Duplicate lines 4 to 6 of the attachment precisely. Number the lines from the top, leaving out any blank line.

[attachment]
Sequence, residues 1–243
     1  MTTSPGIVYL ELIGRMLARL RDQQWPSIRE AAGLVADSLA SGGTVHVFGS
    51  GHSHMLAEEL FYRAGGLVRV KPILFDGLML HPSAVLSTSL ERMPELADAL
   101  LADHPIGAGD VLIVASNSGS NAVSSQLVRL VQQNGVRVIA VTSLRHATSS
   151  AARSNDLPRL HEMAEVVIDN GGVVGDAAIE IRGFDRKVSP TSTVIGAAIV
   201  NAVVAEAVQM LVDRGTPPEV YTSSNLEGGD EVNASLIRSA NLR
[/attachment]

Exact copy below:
   101  LADHPIGAGD VLIVASNSGS NAVSSQLVRL VQQNGVRVIA VTSLRHATSS
   151  AARSNDLPRL HEMAEVVIDN GGVVGDAAIE IRGFDRKVSP TSTVIGAAIV
   201  NAVVAEAVQM LVDRGTPPEV YTSSNLEGGD EVNASLIRSA NLR